Radiohead to the Rescue at Field Day

Despite poor attendance and rain, great music helps salvage Field Day

Thom Yorke of Radiohead during Field Day Music Festival 2003 at Giants Stadium on June 7th, 2003 in East Rutherford, New Jersey.
Theo Wargo/WireImage
July 10, 2003

I'd been looking forward to Field Day since it was announced," said Blur frontman Damon Albarn backstage, just before his band's set at New Jersey's Giants Stadium. "It's a shame that it will be remembered more for the rain than anything else."

Albarn wasn't alone in his disappointment. The two-day festival, planned for an idyllic field at the end of Long Island, was moved three days before to a massive concrete-and-rubber stadium. On top of dropping twenty bands so the festival could be streamlined into one day, heavy rains soaked most of the 25,000 ticket buyers all afternoon, At its peak, the stadium was more than half empty. But, against the odds, Field Day was not a total disaster. Fans who endured got to see a stellar two-hour performance from Radiohead as well as great sets on the parking-lot second stage from Bright Eyes, twenty-five-year-old Irish songstress Gemma Hayes, Kentucky rockers My Morning Jacket and Jersey's own punk kings, Thursday. Other highlights included a spirit-raising singalong with Blur on "Tender," Elliott Smith's stark guitar-and-drums rendition of "Miss Misery" and Underworld's clever sampling of the Stones' "You Can't Always Get What You Want," which inspired hundreds to dance in the rain.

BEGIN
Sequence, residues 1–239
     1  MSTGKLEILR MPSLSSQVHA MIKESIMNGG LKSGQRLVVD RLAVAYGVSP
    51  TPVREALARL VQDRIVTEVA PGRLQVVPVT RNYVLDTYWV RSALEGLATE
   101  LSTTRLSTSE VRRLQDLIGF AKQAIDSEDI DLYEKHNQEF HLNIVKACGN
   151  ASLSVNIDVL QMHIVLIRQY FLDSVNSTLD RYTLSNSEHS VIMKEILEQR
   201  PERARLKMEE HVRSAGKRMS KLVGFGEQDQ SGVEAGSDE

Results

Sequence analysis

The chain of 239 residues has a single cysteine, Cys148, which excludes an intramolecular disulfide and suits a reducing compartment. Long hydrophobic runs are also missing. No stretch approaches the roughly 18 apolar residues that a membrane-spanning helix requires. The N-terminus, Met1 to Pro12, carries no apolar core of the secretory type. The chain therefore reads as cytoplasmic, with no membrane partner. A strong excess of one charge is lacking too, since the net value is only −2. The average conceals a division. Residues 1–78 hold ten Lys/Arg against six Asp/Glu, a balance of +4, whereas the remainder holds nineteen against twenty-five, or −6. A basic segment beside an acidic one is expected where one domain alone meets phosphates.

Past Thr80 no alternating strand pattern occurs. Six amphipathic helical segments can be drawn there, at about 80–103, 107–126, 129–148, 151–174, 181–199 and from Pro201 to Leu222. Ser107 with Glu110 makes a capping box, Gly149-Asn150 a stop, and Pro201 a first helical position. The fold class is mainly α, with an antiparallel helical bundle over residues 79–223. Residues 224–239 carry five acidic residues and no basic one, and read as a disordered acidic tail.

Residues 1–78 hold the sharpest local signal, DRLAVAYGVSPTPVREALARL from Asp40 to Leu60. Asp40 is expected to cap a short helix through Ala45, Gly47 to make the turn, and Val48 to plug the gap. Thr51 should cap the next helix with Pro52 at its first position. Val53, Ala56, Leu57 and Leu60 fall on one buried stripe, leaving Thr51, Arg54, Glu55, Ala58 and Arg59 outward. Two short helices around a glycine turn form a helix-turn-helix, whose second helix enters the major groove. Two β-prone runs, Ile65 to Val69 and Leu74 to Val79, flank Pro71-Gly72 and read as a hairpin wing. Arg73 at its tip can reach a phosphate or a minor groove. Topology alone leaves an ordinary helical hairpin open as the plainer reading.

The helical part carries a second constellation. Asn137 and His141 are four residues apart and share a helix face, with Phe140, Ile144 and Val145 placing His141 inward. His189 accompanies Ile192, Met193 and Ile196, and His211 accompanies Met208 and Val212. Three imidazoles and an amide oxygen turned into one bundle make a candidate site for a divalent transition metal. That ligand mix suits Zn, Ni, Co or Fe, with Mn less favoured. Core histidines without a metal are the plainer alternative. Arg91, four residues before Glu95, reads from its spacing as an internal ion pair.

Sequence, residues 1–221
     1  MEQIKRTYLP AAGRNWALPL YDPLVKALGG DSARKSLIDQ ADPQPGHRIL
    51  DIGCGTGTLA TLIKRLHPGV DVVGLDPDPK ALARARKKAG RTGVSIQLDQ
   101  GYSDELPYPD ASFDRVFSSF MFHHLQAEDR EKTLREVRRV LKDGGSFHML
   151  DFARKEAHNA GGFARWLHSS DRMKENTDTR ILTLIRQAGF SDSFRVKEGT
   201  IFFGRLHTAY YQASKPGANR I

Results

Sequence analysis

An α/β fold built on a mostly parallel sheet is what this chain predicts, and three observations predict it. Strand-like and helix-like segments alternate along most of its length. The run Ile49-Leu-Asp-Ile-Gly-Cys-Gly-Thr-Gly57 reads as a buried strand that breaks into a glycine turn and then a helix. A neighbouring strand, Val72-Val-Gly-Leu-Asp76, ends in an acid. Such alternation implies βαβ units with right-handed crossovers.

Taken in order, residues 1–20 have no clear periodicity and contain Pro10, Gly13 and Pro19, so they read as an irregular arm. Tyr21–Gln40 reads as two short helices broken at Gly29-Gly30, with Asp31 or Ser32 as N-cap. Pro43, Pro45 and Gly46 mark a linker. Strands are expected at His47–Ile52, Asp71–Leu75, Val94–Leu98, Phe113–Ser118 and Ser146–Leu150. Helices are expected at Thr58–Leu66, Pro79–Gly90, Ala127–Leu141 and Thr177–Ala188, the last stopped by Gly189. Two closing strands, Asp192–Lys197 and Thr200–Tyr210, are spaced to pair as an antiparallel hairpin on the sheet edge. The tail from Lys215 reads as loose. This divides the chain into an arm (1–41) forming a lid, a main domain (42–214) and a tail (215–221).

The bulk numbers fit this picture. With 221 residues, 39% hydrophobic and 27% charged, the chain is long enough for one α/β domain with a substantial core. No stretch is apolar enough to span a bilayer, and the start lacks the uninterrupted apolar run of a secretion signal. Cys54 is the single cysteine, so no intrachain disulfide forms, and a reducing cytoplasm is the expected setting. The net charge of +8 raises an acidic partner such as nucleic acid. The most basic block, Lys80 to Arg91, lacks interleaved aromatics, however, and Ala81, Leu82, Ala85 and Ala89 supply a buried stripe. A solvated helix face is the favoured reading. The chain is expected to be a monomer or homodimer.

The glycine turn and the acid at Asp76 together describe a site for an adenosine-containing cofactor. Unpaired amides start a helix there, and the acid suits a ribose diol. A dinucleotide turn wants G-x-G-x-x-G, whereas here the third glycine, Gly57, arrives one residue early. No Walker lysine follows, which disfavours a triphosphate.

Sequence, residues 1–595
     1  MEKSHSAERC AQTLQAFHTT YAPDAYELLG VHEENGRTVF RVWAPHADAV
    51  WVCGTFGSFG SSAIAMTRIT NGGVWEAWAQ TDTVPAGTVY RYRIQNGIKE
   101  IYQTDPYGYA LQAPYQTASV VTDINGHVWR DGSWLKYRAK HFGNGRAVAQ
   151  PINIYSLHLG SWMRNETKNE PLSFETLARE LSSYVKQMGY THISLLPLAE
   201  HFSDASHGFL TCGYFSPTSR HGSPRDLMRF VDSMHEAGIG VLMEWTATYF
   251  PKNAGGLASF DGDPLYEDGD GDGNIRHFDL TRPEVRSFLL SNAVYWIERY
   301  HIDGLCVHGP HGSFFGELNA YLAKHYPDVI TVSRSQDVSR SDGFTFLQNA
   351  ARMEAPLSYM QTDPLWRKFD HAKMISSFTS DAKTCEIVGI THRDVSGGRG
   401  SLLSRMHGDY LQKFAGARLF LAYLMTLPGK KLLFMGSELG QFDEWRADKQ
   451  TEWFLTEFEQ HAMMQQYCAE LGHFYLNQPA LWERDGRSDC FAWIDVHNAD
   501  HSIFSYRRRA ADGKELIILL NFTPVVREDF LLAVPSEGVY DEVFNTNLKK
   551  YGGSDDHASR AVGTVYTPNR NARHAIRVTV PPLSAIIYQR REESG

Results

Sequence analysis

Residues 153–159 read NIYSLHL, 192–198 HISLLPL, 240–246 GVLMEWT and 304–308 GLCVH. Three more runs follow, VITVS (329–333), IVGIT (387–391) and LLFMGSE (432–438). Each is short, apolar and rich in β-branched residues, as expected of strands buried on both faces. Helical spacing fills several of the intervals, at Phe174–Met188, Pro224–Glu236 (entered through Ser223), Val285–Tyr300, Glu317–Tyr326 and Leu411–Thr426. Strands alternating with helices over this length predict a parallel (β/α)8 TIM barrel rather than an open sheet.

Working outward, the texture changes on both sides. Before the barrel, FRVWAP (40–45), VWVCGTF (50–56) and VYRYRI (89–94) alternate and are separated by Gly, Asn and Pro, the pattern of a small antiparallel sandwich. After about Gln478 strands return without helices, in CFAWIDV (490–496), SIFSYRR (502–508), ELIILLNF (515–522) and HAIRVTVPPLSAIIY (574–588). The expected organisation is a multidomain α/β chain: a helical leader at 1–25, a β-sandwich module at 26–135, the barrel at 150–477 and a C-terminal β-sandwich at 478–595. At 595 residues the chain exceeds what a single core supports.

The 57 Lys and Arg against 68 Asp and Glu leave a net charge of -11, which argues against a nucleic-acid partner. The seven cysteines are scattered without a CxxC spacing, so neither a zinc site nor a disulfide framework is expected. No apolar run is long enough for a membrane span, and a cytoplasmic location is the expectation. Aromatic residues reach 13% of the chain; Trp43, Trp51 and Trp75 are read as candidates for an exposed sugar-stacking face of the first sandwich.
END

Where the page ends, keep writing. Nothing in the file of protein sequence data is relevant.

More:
Then, after stumbling through most of a set plagued by skipping records and muffed rhymes, the Beastie Boys finally got on track with "Root Down" and the Paul's Boutique classic "Shake Your Rump." Before "In a World Gone Mad," written in response to the war in Iraq, Adam Horovitz got huge applause when he told the crowd, "Let's do whatever we can to make sure President Bush doesn't get elected again."

By the time Radiohead came on around 9:30, the rain had finally stopped. Opening with "There There," the single from their new album, Hail to the Thief, Radiohead amazed the crowd with a flawless electric set that mixed new songs such as "2+2=5" and "Sit Down, Stand Up" with old favorites including "No Surprises" and "Everything in its Right Place." They dedicated "Lucky" to Beck, who had to cancel his performance after a security guard accidentally knocked into him backstage, sending him to the hospital. "I wanted to tell organizers that I'm sorry [the concert] had to come to this," Radiohead singer Thom Yorke told the crowd. "But we'll live to fight another day."

This story is from the July 10th, 2003 issue of Rolling Stone.

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